Ending our forever war in Afghanistan — now that's worth a parade

Ending our forever war in Afghanistan — now that's worth a parade
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Lawmakers are raising questions this week about President Donald TrumpDonald John TrumpGiuliani says he is unaware of reported federal investigation Louisiana's Democratic governor forced into runoff Lawmakers focus their ire on NBA, not China MORE’s alleged desire to hold a military parade in the streets of Washington, D.C.

There are indeed many good questions to be asked about the merits of a parade. How much will training for the parade distract from training for war? Will heavy tanks rip up the roads? When people see the parade, will they think of the French Foreign Legion slowly marching down the Champs-Élysées (as Trump reportedly hopes) or of Soviet tanks rolling across Red Square? Are the troops being used as presidential accessories? And how much will it all cost? Adjusting the costs of the 1991 victory parade after Operation Desert Storm for inflation suggests upwards of $20 million.

So lawmakers are rightly angry that the military might be used inefficiently here. But where is the anger over our far more costly misadventures overseas?

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Consider Afghanistan. On Tuesday, a senior Pentagon official told the Senate Foreign Relations Committee that the war there will cost $45 billion dollars this year. That’s more than two thousand war dollars for each parade dollar — and unlike Afghanistan, the troops participating in the parade won’t have to leave their families for months on end, risk their lives under enemy fire, or even eat any of the hated veggie burger MREs. The war in Afghanistan deserves more scrutiny than the parade, and on balance it’s a worse investment.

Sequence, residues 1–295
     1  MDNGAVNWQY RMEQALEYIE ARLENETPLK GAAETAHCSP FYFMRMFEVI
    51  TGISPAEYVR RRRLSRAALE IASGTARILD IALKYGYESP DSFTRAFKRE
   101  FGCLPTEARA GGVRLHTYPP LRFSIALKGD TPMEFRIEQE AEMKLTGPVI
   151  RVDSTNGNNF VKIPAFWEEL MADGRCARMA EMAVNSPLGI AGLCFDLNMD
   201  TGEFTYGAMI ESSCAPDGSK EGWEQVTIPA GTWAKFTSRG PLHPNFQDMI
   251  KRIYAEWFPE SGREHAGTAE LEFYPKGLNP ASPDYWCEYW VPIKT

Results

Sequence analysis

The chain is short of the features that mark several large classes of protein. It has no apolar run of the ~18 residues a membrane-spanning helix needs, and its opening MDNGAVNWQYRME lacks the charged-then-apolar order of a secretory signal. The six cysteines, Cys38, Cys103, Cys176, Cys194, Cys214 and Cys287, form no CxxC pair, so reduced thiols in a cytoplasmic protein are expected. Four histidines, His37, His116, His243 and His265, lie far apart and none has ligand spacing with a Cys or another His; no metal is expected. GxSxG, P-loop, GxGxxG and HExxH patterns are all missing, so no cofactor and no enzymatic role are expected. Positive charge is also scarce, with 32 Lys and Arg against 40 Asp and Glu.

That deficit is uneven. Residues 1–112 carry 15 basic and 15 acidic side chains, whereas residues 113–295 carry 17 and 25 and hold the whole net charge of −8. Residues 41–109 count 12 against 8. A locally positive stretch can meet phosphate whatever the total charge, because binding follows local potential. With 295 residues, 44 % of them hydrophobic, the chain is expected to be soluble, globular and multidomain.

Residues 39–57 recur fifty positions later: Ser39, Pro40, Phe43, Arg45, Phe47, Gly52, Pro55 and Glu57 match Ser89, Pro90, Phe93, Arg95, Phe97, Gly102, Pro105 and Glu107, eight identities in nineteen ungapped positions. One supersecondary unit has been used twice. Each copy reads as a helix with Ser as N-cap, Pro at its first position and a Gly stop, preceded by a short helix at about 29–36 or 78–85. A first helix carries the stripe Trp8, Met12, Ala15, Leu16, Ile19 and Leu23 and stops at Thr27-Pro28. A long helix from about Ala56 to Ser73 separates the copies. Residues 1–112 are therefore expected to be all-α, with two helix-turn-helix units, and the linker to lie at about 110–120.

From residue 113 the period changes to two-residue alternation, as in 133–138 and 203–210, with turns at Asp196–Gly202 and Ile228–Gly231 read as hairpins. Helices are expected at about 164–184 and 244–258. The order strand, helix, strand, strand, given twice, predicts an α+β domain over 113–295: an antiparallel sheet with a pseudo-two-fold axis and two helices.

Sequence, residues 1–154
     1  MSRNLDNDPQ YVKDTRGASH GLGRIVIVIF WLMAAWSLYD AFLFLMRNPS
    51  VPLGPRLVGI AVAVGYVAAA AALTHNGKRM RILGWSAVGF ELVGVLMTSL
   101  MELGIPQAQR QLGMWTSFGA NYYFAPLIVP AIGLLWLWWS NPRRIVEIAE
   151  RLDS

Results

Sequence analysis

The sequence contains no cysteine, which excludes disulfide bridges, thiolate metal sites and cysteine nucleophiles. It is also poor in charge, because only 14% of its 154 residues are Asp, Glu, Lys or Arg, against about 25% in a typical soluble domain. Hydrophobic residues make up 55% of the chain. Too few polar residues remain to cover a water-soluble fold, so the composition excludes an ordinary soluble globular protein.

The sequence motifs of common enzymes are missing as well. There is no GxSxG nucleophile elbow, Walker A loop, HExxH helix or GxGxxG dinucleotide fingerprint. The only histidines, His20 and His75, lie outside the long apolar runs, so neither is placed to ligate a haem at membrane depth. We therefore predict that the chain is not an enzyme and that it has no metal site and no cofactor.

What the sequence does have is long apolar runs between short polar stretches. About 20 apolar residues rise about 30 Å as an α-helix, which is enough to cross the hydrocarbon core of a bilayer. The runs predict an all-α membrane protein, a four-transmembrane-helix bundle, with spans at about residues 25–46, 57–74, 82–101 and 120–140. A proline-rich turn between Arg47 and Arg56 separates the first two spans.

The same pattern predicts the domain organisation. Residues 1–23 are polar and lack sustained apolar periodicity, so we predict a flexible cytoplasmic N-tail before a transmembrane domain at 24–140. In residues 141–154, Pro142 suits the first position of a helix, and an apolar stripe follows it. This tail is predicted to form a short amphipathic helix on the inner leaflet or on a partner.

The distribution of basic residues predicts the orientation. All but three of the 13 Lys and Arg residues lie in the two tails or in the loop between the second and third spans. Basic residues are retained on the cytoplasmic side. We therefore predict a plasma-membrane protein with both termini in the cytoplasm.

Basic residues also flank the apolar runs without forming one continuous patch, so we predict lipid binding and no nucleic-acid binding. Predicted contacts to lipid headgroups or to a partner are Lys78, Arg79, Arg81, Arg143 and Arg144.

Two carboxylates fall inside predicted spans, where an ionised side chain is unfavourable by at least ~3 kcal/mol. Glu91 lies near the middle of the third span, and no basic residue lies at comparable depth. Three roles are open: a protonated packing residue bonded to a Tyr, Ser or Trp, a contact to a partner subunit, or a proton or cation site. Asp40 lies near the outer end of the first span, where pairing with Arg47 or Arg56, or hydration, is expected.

First, what is Afghanistan’s strategic value? Or, as Tennessee senator Albert Gore, Sr. once asked in a hearing on Vietnam, “What do we win if we win?” Not much. Afghanistan has a GDP of about $19.4 billion, or about three-fifths the size of America’s smallest state economy (Vermont). Afghanistan’s allegedly rich mineral assets remain unexploited, as war and corruption make a poor investment climate. Afghanistan has trouble generating military power, too: It can’t whip the Taliban.

All that means that Afghanistan is not a geopolitical powerhouse that will be of great value to those that control it. The high cost of fighting there is a testament to that. More than half of this year’s $45 billion cost will go to logistics, because it is hard to get to and from Afghanistan.

That matters for two reasons. One, it’s also hard for Afghanistan to get here: Even an eager terrorist would have to get through American border security, and the security of many countries in between. Those security measures, if insufficient, could be beefed up — a smaller investment than war, yet one more likely to yield results.

Two, part of the price of sending goods to Afghanistan is tied to sending those goods through other powerful countries in the area — Pakistan and (formerly) Russia. These are serious countries that have a bigger stake in outcomes in Afghanistan than we do. Our presence has taken the burden of securing Afghanistan off of their shoulders and placed it on those of our troops. China, likely to be America’s biggest strategic competitor in the coming decades, benefits too. That was made quite clear Wednesday, when the Pentagon announced it had conducted a record-breaking aerial bombardment of training facilities linked to the Taliban and the East Turkestan Islamic Movement (ETIM) in Badakhshan Province.